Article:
Are you Overtraining?

Exercise is a stress to the body and the goal is for it to be a positive stress. A person’s rate of adaptation and response to training is genetically limited and cannot be forced beyond his or her own body’s capacity for development. Hence, each individual responds differently to the same training stress. When MMA athletes train, they must maintain proper balance between volume and intensity. Too much training can reduce the athlete’s optimal potential for improvement and in some cases can cause a breakdown in the adaptation process, eventually reducing performance. We call this overtraining; a point at which an athlete experiences physiological maladaptations and chronic performance decrements.

With overtraining, an athlete becomes more susceptible to performance decrements and injuries. Overtraining basically stresses the body beyond its capacity to adapt, decreasing an athlete’s performance and physiological capacity. In addition, many injuries occur as a result of overtraining. Sometimes overtraining cannot be remedied by a few days of reduced training, rest, or dietary manipulation

Occasionally athletes might actually be undertrained. Coaches start to notice that performance improves with a subsequent increase in training intensity and volume. However, the concept of “more is better” is not true after a certain point. Since intensity and volume are inversely related, they should not be increased simultaneously. Overtraining is highly individualized and subjective, therefore, both the coach and athlete must pay careful attention to the body’s signs and symptoms. These can be a decline in performance, loss in muscle strength, coordination, and work capacity, changes in appetite, unexplained body weight loss, sleep disturbances, irritability, restlessness, excitability, anxiousness, loss of motivation and vigor, decreased desire to train, lack of mental concentration, feelings of depression, lack of appreciation for things normally enjoyable, muscle tenderness, increased risk for infection, and nausea.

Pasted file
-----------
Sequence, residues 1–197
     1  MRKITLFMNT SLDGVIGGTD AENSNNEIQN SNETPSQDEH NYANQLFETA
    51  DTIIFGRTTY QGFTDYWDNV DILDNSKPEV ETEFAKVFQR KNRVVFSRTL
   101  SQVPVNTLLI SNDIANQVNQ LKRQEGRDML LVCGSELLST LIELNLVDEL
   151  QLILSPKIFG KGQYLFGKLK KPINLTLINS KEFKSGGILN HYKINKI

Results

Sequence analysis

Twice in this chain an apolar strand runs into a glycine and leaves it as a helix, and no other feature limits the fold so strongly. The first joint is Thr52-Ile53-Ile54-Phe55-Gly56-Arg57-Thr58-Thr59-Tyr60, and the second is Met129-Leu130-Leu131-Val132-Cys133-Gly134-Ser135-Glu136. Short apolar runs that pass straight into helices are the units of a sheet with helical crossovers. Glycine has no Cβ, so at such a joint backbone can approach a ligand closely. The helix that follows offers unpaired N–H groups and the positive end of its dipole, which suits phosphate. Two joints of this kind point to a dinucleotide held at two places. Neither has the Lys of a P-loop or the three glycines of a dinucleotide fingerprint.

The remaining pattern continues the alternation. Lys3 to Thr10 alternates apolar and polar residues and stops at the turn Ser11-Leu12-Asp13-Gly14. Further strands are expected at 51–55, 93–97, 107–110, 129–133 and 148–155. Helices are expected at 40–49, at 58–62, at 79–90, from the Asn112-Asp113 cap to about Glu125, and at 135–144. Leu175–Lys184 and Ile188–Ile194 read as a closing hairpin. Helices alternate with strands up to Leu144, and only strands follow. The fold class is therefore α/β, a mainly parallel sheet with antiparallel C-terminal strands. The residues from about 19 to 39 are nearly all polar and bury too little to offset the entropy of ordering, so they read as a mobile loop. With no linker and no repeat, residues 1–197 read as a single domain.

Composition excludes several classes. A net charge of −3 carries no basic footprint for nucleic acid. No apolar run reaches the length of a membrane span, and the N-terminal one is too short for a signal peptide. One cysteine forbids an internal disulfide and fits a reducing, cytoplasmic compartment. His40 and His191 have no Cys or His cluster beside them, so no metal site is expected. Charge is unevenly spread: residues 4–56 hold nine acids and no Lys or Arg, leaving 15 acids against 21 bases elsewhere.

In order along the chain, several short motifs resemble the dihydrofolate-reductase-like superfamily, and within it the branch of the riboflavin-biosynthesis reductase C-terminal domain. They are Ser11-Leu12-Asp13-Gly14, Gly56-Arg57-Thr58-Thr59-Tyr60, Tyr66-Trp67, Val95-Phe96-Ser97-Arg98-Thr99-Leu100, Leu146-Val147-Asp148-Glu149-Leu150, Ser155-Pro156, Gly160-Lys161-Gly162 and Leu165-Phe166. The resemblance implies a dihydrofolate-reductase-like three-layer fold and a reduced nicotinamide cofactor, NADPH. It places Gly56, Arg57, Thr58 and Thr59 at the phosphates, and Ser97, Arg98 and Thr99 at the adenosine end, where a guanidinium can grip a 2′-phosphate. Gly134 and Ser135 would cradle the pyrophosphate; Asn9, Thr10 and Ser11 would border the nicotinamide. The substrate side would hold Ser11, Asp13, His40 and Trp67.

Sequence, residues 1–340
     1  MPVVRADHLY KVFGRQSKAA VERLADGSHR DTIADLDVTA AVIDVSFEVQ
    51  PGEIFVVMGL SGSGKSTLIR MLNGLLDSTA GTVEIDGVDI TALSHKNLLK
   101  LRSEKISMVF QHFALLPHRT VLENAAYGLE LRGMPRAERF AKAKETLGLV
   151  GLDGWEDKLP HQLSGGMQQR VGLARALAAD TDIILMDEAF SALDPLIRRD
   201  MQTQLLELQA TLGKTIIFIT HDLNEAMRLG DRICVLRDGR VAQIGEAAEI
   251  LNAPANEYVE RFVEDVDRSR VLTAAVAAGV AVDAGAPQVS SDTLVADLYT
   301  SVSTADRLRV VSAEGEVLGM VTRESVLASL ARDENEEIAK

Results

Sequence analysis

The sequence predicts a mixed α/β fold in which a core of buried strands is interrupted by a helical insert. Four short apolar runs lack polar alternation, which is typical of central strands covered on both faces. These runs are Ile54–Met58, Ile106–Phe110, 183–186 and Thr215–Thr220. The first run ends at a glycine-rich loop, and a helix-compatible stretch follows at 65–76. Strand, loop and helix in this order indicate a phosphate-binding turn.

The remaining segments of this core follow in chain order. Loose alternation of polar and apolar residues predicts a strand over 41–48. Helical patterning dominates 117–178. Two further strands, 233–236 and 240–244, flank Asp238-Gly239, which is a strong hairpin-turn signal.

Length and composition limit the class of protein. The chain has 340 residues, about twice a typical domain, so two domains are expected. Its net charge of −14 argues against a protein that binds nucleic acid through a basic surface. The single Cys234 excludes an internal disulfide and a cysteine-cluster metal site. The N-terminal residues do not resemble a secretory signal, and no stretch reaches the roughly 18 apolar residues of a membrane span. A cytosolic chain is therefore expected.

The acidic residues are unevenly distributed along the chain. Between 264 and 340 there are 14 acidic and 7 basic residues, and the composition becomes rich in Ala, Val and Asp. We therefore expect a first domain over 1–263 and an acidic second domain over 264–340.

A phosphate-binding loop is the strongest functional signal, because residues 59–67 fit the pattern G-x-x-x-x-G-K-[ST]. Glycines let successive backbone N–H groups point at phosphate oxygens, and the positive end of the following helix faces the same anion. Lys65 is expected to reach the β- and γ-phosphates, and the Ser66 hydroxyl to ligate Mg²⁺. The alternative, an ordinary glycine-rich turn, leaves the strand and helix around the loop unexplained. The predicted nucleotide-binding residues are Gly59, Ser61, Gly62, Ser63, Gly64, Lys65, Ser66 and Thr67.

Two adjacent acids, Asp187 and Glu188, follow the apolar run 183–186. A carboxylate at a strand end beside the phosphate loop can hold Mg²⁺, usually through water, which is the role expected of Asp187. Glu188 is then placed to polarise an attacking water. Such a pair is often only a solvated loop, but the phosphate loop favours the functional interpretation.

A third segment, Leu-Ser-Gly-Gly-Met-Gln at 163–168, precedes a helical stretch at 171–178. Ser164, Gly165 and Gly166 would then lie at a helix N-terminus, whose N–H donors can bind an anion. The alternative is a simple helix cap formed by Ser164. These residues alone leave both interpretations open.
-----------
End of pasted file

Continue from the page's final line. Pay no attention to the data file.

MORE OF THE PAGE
The way MMA coaches and athletes can help prevent overtraining is to balance easy and hard days. Likewise, careful attention should be paid to increases in resting heart rate and blood pressure, and early onset of fatigue. Coaches can use the fighter’s heart rate or lactate response to a standard bout of exercise and observe whether an increase occurs over a period of days. Heart rate response to a standard exercise bout appears to be the easiest and most accurate technique to diagnose overtraining in its early stages. Unusually high, or low, heart rate responses might be suggestive of overtraining. Thresholds are different for each athlete and oftentimes coaches do not realize until too late. Following proper periodization procedures and ensuring adequate caloric intake, in particular carbohydrate intake to meet energy needs, will also help decrease the risk of overtraining. Because recovery might take days, weeks, and sometimes months of rest, overtraining is something that coaches and athletes alike must be careful with and pay very close attention to the body’s signs and symptoms.

Kenney, L. H., J. H. Wilmore, and D. L. Costill. "Physiology of sport and exercise." 5th Edition. Champaign: Human Kinetics (2012).